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Encinitas artist Jan Trabin finds the beauty inside the ordinary

Jan Trabin has worked with art for her entire career. Retired from running her showroom design business, she now devotes herself full time to her art.
( / Photo by Leslie Hoffman Photography.)

Wearing an apron and surrounded by industrial-engineered tools in her workshop retreat in rural Encinitas, Jan Trabin continues to find — and create — beauty in the discarded everyday materials that she has collected over the decades.

Most recently, Trabin was juried into the Art Walk NTC at Liberty Station that takes place during the weekend of Aug. 15-16, along with just four other North County artists.

Trabin’s daughter, Lisa Flores, will join her. The two artists find joy in repurposing the prosaic and have exhibited their artworks together for many years.

In the 1960s, when Flores was a child, Trabin took several of her daughter’s childhood drawings and applied them to her own collages, creating one-of-a-kind pieces that evoked an innocence. These pieces were published at the time in Better Homes and Garden magazine and appeared in an article published in the Los Angeles Times.

Flores also worked for her mother’s Los Angeles-based showroom — JTA (Jan Trabin Associates) — which Trabin founded in 1980. “We have spent all of our lives sharing artwork,” Trabin remarked.

Trabin studied art at Long Beach City College from 1956-1960, then graduated from UCLA’s art department with a degree in fine art, followed by working as an interior designer. Her Los Angeles-based high-caliber clients included such notables as entertainer and movie star Olivia Newton-John and singer/songwriter Helen Reddy.

Trabin’s showroom design business was housed in a 10,000-square-foot facility and was a 35-year endeavor. She carried hard-to-find items that were not mainstream with an inventory composed primarily of contemporary and ethnic home furnishings and fine art.

“I was surprised to find that there was a good market for them,” Trabin said, describing her approach as having “a quirky design slant.”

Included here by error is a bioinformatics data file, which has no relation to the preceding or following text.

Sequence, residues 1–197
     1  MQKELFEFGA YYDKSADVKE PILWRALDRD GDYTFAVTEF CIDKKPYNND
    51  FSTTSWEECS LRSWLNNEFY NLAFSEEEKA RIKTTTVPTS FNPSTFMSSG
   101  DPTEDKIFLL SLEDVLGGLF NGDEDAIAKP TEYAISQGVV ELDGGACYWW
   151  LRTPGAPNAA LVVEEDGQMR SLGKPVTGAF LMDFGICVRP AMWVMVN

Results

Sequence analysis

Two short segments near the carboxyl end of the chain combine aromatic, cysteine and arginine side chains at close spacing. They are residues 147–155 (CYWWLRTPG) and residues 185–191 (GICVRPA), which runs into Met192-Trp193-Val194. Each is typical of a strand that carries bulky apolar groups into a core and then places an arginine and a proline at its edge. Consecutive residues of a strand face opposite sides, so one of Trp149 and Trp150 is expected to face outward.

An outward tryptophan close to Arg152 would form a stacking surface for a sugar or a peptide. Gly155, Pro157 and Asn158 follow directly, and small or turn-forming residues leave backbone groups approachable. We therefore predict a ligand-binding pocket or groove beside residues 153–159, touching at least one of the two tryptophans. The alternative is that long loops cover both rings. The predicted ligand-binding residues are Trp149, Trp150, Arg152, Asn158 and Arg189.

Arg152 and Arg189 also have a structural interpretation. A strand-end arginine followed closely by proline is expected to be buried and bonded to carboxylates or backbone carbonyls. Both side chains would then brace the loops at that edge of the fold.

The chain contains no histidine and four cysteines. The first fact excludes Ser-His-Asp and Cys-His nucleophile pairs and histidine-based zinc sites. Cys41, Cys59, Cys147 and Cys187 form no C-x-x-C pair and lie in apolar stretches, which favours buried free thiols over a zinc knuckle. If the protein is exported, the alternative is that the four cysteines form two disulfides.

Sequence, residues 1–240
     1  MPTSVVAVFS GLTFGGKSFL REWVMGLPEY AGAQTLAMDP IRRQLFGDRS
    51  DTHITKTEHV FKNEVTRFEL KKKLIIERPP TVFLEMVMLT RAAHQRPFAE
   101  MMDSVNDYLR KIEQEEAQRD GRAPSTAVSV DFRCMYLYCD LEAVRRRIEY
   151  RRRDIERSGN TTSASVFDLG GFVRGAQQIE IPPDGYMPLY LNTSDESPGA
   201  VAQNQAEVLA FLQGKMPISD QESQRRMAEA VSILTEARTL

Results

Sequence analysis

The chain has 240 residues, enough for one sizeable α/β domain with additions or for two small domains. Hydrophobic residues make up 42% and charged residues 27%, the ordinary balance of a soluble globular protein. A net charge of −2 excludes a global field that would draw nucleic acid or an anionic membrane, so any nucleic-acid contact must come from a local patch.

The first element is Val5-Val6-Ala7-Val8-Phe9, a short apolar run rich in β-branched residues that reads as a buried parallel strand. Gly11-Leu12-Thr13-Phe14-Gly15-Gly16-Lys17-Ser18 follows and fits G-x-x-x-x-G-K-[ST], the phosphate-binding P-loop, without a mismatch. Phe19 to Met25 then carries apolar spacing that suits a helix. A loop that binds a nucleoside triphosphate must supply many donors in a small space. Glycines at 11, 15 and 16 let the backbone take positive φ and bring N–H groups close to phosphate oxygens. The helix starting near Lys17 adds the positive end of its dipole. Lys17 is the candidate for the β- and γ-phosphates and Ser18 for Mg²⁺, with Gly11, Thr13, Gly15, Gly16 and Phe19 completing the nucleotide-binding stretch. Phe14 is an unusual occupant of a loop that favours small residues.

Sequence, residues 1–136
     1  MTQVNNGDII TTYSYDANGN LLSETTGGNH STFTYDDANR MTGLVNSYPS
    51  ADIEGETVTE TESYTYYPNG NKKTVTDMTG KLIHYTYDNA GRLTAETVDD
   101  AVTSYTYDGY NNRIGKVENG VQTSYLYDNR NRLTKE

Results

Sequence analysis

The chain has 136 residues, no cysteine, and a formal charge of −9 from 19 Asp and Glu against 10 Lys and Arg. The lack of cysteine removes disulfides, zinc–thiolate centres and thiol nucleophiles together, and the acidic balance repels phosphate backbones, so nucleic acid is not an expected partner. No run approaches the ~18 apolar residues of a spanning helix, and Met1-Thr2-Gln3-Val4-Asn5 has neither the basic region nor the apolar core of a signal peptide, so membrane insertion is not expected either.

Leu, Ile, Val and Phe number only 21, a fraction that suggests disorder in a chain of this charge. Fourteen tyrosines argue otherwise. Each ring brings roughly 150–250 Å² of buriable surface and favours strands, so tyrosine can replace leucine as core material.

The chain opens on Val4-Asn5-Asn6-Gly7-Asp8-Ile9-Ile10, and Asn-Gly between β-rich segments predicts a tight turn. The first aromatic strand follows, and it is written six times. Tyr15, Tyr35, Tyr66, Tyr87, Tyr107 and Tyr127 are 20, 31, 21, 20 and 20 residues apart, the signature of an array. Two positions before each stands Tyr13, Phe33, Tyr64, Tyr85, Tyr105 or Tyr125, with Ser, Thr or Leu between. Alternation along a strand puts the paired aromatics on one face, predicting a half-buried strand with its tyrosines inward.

No longer in the commercial world, Trabin is able to devote all her energy to her art. She works with salvaged metals, woods and mesh and creates patinas through chemicals that produce an earthy, yet colorful palette.

The results are a blend of contemporary and rustic qualities translated into wall art and free-standing pieces.

In 2001, after tearing out a wooden deck at her home, Trabin transformed what many would consider as trash into works of art enhanced by wood burning, metals, reeds, and found objects.

Flores also uses found objects embedded into her art pieces and works primarily in the encaustic tradition, using a blowtorch to heat wax infused with paint to create vibrant, textured mixed-media pieces. Studying art and design at Cal State Fullerton, Flores now lives in Temecula with her husband and has two adult children.

The mother-and-daughter team work separately, but exhibit together. “Our work blends together very well,” Trabin commented.

Officially retiring from the routine of running a business in 2012, Trabin is now devoted full time to “finding harmony in putting together stuff,” she said.

Trabin’s Encinitas workshop is open to clients by appointment; call 760-753-0502. Visit www.jantrabinart.com to learn more about the work of Jan Trabin and Lisa Flores.


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